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Humanitarian Intervention in South Sudan

Lead Image
South Sudanese citizen waving a flag.

Case Overview

The weakness of cease-fire agreements and the return of climate conditions favorable for warfare means the South Sudanese face the threat of mass violence, reprisals, and possibly even genocide.

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The Situation

Rival South Sudanese factions have fought a civil war since the end of 2013, causing mass displacements, tens of thousands of deaths, and widespread hunger. Negotiations between the leaders of these factions—President Salva Kiir and rebel commander and former Vice President Riek Machar—are stalled, and South Sudan’s dry season approaches, signaling intensified fighting and a humanitarian crisis of potentially historic proportions. Already, about two million South Sudanese have been driven from their homes, and food shortages and health needs have grown acute. Observers fear an eventual famine. Although a United Nations peacekeeping mission is present in South Sudan, other countries, including the United States, have begun to consider additional action to protect civilians. The president has asked the National Security Council for options on whether and how the United States could pursue a humanitarian intervention in or around South Sudan. NSC officials will need to take into account the pressure on the United States to act, including the “responsibility to protect” (R2P), as well as the significant costs, benefits, and risks of unilateral or multilateral intervention.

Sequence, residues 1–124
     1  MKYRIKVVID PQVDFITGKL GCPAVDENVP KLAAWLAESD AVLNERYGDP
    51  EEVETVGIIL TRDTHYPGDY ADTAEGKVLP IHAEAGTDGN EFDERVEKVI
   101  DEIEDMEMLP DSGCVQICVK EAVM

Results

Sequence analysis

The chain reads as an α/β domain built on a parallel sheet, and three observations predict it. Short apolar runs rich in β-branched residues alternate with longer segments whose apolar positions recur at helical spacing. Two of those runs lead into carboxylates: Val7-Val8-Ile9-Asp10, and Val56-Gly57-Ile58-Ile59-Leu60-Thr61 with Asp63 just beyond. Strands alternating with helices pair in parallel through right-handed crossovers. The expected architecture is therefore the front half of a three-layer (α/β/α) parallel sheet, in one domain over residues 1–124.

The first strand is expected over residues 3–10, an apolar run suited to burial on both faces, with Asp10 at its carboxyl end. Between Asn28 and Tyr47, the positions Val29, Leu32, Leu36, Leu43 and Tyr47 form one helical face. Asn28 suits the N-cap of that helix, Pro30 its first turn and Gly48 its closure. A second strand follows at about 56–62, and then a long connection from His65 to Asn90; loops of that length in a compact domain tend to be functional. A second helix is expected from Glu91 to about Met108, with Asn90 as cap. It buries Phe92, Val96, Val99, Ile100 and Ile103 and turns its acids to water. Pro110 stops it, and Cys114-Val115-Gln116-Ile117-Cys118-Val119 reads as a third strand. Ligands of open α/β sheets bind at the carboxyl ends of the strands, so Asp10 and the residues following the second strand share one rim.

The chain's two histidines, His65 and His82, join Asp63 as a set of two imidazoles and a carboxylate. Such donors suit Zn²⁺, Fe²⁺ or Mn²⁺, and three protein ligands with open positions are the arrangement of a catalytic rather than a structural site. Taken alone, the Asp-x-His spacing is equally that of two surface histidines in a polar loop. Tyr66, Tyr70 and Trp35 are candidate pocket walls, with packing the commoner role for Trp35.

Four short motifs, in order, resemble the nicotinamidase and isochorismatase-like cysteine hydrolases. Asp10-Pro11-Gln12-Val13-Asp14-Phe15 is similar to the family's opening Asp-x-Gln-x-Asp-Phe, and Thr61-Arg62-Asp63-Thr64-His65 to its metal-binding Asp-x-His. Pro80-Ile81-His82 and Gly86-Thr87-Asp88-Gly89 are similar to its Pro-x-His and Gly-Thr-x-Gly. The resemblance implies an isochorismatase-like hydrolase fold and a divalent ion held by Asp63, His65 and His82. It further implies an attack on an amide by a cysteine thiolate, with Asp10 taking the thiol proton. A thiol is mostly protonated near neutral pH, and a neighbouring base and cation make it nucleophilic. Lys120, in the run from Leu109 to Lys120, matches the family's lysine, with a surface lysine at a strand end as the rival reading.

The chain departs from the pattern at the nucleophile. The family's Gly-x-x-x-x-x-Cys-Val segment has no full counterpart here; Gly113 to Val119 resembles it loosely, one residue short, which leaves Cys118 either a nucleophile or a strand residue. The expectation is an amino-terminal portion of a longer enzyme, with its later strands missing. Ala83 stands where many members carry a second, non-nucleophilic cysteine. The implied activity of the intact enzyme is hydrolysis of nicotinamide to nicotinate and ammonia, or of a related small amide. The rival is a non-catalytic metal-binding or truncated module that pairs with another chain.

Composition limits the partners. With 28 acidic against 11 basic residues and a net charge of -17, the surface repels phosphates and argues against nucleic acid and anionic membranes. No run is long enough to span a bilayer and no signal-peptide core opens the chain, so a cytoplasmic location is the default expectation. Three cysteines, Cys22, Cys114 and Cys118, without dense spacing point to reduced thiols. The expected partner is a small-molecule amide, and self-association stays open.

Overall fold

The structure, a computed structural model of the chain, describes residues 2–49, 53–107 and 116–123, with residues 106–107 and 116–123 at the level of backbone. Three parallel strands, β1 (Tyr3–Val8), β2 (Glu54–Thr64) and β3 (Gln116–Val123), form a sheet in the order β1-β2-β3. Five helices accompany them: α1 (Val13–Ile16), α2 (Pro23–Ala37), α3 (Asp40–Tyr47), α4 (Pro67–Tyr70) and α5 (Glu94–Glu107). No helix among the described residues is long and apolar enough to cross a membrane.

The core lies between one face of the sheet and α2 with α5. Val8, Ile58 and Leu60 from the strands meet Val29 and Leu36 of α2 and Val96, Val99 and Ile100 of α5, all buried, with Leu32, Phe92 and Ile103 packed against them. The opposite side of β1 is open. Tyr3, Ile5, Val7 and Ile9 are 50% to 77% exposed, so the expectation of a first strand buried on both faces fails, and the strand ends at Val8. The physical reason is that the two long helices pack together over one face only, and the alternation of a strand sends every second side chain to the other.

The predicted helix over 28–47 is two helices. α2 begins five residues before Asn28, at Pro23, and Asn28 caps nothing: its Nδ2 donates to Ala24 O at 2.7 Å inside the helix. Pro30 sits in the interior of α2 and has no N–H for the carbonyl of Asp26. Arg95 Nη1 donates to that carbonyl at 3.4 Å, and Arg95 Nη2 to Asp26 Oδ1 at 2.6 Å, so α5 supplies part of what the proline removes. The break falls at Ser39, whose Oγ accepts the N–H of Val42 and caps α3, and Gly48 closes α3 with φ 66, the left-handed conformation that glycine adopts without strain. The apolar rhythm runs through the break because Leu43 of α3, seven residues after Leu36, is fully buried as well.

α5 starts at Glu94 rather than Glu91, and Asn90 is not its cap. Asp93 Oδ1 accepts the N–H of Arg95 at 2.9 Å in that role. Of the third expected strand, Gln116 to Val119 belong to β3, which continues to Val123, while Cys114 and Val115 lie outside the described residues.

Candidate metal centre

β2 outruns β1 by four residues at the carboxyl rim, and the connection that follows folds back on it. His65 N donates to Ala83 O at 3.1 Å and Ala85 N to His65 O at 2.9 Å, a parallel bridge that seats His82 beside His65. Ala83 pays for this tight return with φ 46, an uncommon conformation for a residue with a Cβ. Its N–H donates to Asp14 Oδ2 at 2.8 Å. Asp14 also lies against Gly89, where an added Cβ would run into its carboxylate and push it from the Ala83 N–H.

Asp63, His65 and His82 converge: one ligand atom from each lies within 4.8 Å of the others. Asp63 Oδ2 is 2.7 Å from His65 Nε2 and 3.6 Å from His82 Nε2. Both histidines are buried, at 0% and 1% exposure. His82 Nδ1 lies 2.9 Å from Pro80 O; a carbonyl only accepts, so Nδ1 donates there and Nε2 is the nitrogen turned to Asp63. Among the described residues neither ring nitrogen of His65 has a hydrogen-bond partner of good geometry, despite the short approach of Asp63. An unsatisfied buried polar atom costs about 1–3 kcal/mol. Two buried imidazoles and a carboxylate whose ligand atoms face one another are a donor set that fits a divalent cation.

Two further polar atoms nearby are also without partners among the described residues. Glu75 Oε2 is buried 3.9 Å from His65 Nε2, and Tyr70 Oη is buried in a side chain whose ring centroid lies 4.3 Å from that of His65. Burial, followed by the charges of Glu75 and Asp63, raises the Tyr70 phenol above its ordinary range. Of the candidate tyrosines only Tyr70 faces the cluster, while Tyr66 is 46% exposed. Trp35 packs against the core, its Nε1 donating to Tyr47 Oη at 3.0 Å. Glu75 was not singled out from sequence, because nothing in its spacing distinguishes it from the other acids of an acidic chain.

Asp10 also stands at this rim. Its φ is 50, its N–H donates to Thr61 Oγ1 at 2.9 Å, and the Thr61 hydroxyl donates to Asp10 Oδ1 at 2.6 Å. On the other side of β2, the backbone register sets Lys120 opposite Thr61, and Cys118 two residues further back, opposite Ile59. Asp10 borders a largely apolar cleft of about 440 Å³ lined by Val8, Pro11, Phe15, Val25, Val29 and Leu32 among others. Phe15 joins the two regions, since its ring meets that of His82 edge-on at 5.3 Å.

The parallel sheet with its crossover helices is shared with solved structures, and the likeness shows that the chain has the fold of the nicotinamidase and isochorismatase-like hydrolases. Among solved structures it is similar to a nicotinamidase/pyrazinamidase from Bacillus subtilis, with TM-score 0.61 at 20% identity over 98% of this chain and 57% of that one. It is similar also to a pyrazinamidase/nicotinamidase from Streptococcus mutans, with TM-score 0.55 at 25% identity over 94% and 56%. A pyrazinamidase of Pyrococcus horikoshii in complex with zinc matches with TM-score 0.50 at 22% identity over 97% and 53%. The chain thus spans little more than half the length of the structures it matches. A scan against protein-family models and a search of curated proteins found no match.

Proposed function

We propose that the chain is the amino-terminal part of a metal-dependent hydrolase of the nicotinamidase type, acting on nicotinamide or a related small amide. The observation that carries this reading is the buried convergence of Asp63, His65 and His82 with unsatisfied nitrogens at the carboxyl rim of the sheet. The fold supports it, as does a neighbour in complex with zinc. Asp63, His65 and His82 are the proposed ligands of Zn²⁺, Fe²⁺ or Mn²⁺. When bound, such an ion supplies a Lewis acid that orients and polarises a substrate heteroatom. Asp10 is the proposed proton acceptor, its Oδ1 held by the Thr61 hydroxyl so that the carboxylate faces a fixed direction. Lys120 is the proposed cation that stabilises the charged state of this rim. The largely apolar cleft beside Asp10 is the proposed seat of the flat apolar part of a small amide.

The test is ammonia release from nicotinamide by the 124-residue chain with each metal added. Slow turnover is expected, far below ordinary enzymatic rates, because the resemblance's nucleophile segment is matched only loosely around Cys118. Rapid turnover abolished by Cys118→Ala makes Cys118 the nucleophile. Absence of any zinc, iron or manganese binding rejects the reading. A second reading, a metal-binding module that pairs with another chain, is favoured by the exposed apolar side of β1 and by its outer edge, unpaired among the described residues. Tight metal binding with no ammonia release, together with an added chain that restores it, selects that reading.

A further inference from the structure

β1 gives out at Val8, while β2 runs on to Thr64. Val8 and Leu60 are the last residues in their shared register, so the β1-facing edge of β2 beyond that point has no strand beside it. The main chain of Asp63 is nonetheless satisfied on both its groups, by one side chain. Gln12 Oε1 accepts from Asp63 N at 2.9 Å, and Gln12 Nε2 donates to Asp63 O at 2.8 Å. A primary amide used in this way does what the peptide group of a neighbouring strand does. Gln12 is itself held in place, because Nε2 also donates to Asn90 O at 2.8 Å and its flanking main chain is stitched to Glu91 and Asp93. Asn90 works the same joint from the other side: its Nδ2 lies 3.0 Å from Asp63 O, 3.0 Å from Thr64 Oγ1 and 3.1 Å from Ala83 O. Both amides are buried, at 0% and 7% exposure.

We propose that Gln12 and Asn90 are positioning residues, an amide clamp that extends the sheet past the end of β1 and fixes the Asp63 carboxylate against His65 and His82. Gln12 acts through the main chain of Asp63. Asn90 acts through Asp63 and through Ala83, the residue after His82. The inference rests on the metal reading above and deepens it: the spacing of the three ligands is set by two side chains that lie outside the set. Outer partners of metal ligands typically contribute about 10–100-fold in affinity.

Concepts

  • Humanitarian intervention
  • Responsibility to protect
  • Weak states
  • Peacekeeping, peace enforcement, and peacemaking
  • Civil war
  • Multilateralism
  • Peace negotiations

 

Issues

  • Costs, benefits, and risks of humanitarian interventions
  • Debates surrounding R2P
  • Underdevelopment and its effects
  • Impact of the resource curse
  • U.S. role in South Sudanese independence and corresponding U.S. interests

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